Photo: Artist Grace Julian Murthy working on her traffic signal control canvas painting pansies.
On a recent Sunday afternoon in August, a day after one of the handful of heatwaves that settled over New England was finally pushed aside, pansies appeared in Cushing Square.
They weren’t the ones emerging from a pot or some lonely stretch of earth. Rather it was the impression of viola tricolor var. hortensis by the artist Grace Julian Murthy who used as her canvas the traffic signal control box on the sidewalk adjacent the Bradford Apartments at the corner of Common and Trapelo.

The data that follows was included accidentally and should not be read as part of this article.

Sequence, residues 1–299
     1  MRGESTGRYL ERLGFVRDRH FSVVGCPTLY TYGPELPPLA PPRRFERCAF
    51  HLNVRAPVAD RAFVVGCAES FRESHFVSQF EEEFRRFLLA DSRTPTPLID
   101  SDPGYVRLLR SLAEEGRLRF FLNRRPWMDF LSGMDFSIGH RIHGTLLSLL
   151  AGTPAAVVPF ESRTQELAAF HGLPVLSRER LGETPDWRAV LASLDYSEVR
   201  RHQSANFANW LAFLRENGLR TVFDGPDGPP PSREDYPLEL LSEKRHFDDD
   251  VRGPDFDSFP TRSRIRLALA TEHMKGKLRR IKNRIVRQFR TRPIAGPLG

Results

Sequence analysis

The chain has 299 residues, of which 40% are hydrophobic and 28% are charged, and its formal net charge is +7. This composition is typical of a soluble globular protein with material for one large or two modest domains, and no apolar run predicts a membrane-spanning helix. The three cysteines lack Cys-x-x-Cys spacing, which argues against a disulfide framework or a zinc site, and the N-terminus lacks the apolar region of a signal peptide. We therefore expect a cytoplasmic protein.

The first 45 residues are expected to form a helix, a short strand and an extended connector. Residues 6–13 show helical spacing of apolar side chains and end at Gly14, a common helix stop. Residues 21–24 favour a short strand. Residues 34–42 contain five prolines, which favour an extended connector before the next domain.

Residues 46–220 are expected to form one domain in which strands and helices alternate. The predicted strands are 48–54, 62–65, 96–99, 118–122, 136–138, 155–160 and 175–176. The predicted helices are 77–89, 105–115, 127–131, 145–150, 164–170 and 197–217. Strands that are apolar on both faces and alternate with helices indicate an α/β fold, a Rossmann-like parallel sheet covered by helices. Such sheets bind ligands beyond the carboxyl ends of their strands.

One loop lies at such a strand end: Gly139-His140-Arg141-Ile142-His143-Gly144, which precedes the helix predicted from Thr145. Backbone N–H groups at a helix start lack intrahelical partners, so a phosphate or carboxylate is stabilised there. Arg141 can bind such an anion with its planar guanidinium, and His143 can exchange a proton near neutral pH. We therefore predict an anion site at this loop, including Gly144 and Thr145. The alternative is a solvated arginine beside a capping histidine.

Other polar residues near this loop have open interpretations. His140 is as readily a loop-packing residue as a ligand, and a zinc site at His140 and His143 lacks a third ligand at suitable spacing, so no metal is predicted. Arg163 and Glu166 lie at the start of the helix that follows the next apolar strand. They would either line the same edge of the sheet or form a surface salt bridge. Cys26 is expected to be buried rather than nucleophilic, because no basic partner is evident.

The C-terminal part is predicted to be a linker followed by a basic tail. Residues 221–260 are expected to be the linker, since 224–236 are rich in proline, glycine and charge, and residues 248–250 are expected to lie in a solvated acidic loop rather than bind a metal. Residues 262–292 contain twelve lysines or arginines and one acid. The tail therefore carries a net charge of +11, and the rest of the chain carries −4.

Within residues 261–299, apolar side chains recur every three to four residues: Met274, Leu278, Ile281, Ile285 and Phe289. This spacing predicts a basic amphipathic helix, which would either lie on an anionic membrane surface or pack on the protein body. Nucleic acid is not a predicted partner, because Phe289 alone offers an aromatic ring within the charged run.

“I like to paint things that are overlooked,” said Murthy, who works as a graphic designer. “Because pansies are so prevalent, you don’t get to see there beauty.”
Using acrylics (it dries quicker and has a vibrant palette) Murthy applied purple, yellow and black on a white base to create a field of pansies all within the aluminum box – originally a dark green – protecting the expensive signal and traffic controller equipment inside.
Murthy was one of three artists selected to paint boxes by the Belmont Art Association which sponsored for a second year the Transforming Belmont Public Art Project. The artists received a $750 stipend from the Belmont Cultural Council, a local agency supported by the Mass Cultural Council.